Academic Journals Database
Disseminating quality controlled scientific knowledge

Hurdles in successful treatment of cancer pain caused by primary healthcare

ADD TO MY LIST
 
Author(s): Patarica-Huber Eržebet | Boškov Nedeljka

Journal: Archive of Oncology
ISSN 0354-7310

Volume: 18;
Issue: 3;
Start page: 65;
Date: 2010;
VIEW PDF   PDF DOWNLOAD PDF   Download PDF Original page

Keywords: Neoplasms | Pain | Drug Therapy | Primary Health Care | Serbia

ABSTRACT
Background: The aim of this study is to envisage the hurdles set by physicians in primary healthcare that can cause, or contribute to unsatisfactory cancer pain management. Methods: The study has been carried out as a prospective open non-randomized one (based on a questionnaire). It comprised 283 physicians in primary healthcare from 21 institutions of primary healthcare in Serbia. The choice of physicians was done at random, and the completion of questionnaires was voluntary. The questionnaire comprised 12 questions. Among other issues the questions covered the most important characteristics of the analgesics in their opinion, the individual doses of drugs they most often prescribe, maximum daily doses of these drugs they prescribe (tramadol, fentanyl TD, hydromorphone, methadone, IR morphine); whether they introduce opioids and/or increase the dose autonomously or only upon a specialist’s recommendation; and what is preventing them to successfully treat cancer pain; what side effects they fear and others. Results: Tramadol was favored in the previous year (82.3%), in the last month the physicians prescribed NSAID as therapy in 63.4% of the cases, tramadol was given to 13.60%; fentanyl TD to 13.40%; hydromorphone to 2.7%; IR morphine to 3.80%. Efficiency was marked by 89.80% of physicians as the most important characteristic, tolerability by 82.3%, and duration of effects by 77.4%. Tramadol is most often the choice of therapy in their daily practice although they said it to be less efficient, less tolerable, with shorter analgesic effect, less user friendly, and more expensive compared to fentanyl TD and the other opioids. They said the side effects they fear the most were respiratory depression and sedation. 23.70% of the physicians in the primary healthcare introduce and/or increase the dose of opioids (34.6%) into the therapy autonomously, and 76.30% of them introduce these drugs and/or increase the dose (65.4%) only upon a specialist’s recommendation. Conclusion: Barriers have a great influence on successful treatment of cancer pain. There is a burning need for further education which has to encompass raising awareness of the current guidelines and recommendations in the cancer pain therapy, their acquisition and utilization in everyday practice through interactive workshops with case studies because there is still an alarming lack of knowledge, level of prejudice and apparent opiophobia.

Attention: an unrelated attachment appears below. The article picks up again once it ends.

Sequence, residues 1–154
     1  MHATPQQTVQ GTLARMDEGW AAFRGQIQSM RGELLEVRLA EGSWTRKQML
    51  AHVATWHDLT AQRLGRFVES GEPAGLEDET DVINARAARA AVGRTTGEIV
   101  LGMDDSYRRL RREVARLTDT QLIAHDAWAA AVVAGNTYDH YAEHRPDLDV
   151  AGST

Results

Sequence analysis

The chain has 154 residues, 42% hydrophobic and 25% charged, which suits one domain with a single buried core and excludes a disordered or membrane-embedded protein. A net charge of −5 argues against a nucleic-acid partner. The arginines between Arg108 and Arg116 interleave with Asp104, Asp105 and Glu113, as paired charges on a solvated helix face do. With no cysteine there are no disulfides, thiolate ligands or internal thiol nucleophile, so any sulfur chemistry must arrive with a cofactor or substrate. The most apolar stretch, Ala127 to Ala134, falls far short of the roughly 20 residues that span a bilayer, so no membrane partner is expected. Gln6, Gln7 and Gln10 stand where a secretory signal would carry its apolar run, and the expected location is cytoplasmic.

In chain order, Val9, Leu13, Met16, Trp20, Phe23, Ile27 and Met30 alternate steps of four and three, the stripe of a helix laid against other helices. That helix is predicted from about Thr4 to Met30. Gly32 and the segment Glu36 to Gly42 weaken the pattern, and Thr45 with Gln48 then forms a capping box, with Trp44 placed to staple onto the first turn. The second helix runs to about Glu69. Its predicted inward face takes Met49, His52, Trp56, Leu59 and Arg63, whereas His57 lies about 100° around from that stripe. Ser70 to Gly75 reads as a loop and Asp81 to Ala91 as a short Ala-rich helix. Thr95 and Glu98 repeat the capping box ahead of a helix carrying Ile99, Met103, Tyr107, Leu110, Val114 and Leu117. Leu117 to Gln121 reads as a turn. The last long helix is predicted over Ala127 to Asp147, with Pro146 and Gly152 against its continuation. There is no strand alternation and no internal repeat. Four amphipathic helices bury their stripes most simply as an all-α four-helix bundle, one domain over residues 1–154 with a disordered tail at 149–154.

Why do you need a reservation system?      Affiliate Program